“You are home. Relax. You are my children now.” - Nani Ji, ACE in India ‘18 homestay host
DURHAM, N.C. - Those were the welcoming words Nani Ji offered to Kate Kutzer (Duke women’s track & field), Nicki Schindler (Stanford women’s rowing), Nathaniel Hernandez (Duke men’s swimming & diving) and Blake Sun (Stanford men’s gymnastics) when they arrived to spend a weekend in her home as part of the Rubenstein-Bing Student-Athlete Civic Engagement Program (ACE) in India. Kutzer says this immersive experience helped make New Delhi feel “like a home away from home.”
This summer, 10 student-athletes from Duke and Stanford lived and served in New Delhi, India for three weeks, leading sports instruction for students at DAV K-12 Public School while also working in small groups at one of four local health organizations. In a change from previous years, this year’s ACE in India program focused on health education and outreach in addition to sports enrichment and coaching. Students also had the opportunity for the first time to stay with a host family for three nights during the program. Student-athletes worked together at DAV one day a week and in small groups of two to three at Butterflies (an NGO that provides education and life skills to vulnerable children), Drug Treatment Centre and Society for Promotion of Youth and Masses or SPYM (a rehab center for adolescent males), Action for Autism (an NGO that advocates for individuals with autism) or Goal at the NAZ foundation (an NGO based program that empowers adolescent girls through health education and sports) three days a week. Whether it was participating in drug rehabilitation sessions, teaching English, planning play time for children on the autism spectrum or preparing nutrition charts, the student-athletes had the opportunity to be engaged in a wide variety of health initiatives.
Even though the student-athletes only worked at DAV one day a week, group bonding activities, such as singing and dancing along to a classic Hindu mantra in music class and watching students present sophisticated research projects, allowed the student-athletes to form bonds with the DAV students quickly. Julia Persche, Stanford women’s lacrosse, shared how DAV’s learning environment helped her and the other student-athletes build relationships with the DAV students, writing “with just the three phrases I knew and [the students’] limited English, there was still more than enough common ground for the kids and ACE coaches to share a laugh over our painfully off-beat melody in music class or a communal cheer over an impressive volleyball rally in gym.” Maddie Hess, Duke women’s swimming & diving, explained that play time during the sports camp also helped the student-athletes overcome the language barrier, realizing “I never knew just how powerful sports could truly be. It was special to see sports transcend language and culture.”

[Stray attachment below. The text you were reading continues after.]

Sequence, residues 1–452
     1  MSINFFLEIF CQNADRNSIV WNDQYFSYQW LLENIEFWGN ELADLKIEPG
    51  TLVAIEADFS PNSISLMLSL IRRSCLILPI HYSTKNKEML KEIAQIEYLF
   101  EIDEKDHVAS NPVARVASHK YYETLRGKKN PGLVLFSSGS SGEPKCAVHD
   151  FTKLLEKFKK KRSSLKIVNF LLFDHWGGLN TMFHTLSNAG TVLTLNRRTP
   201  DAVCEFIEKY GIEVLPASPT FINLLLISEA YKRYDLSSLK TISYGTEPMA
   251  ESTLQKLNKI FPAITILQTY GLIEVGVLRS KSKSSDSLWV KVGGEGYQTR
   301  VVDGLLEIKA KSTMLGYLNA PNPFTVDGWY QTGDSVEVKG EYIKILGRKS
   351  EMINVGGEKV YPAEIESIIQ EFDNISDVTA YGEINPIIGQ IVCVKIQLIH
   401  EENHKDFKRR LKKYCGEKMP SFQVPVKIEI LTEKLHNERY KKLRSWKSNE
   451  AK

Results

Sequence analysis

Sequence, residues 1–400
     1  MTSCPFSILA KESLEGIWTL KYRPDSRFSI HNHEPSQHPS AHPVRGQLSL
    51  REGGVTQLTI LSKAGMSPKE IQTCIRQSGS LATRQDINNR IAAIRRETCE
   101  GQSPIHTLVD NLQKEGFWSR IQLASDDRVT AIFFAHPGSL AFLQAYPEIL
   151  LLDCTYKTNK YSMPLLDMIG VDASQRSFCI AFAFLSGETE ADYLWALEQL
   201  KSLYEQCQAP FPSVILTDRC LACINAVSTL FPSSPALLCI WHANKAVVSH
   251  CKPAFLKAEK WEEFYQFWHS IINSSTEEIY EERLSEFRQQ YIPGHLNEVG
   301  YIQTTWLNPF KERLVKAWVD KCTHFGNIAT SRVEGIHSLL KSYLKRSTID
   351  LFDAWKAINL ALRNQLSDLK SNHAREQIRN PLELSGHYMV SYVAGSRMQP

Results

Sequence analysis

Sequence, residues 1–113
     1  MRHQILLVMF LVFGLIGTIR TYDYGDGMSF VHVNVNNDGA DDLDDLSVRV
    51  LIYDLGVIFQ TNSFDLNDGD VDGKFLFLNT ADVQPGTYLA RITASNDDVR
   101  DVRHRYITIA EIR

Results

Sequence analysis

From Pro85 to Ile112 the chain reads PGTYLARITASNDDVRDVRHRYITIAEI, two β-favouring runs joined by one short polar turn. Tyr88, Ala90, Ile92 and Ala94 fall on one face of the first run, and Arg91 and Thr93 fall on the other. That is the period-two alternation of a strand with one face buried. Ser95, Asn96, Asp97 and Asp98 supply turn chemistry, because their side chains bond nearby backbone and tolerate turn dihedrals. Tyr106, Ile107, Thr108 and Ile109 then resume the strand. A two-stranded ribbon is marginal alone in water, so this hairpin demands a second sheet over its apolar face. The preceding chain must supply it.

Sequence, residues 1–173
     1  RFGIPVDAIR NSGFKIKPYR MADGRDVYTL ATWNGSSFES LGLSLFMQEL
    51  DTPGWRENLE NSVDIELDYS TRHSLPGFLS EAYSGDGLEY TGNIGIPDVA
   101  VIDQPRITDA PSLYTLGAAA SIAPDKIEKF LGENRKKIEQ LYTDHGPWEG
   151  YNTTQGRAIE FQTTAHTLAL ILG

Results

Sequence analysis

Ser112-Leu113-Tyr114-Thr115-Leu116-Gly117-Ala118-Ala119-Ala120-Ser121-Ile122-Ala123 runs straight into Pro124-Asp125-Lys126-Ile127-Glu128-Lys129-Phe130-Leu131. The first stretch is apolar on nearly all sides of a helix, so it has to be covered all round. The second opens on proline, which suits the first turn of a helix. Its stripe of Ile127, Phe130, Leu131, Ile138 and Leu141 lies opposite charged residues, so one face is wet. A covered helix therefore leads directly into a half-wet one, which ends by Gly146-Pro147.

Nikki Schindler, Stanford women’s rowing, explained that the power of an active lifestyle also helped her and Kylie Jordan, Duke women’s swimming & diving, connect with the female health coaches at the NAZ Goal Program, an NGO program which aims to empower girls through sports and life skills education. While presenting nutrition charts that she and Jordan created together, she learned the importance of open conversation, writing “It was such an awesome experience to talk female-athlete-to-female-athlete about a topic that is so important, not only to our performance as collegiate athletes, but fundamentally crucial to maintaining a healthy lifestyle.”
Nathaniel Hernandez, Duke men’s swimming & diving, writes that he also learned how intentional conversation can shift someone’s perspective while working at SPYM, a 90-day drug detox program for adolescent boys. In a blog post, Hernandez explained that his time at SPYM transformed his own outlook on drug addiction. He wrote, “After spending three weeks with the children of SPYM, my perception of drug users has been changed greatly. These truly were just children!” Persche, who worked at a life skills child education development center called Butterflies, echoed Hernandez’ reflection in her own final reflection blog post. She wrote, “Ignorance is what fixates your frame of mind.... I learned that if you want to truly understand and empathize with someone else’s perspective, you have to read, research, and most importantly talk to people and ask questions.”
Whether these conversations were held during a nutrition class, a drug rehabilitation session, or tea with Nani Ji, they were more than just words for the ACE student-athletes of 2018. They were vehicles of transformation.
To learn more about ACE in India and the other three programs offered by the Rubenstein -Bing Student-Athlete Civic Engagement Program (ACE), visit ace.duke.edu.
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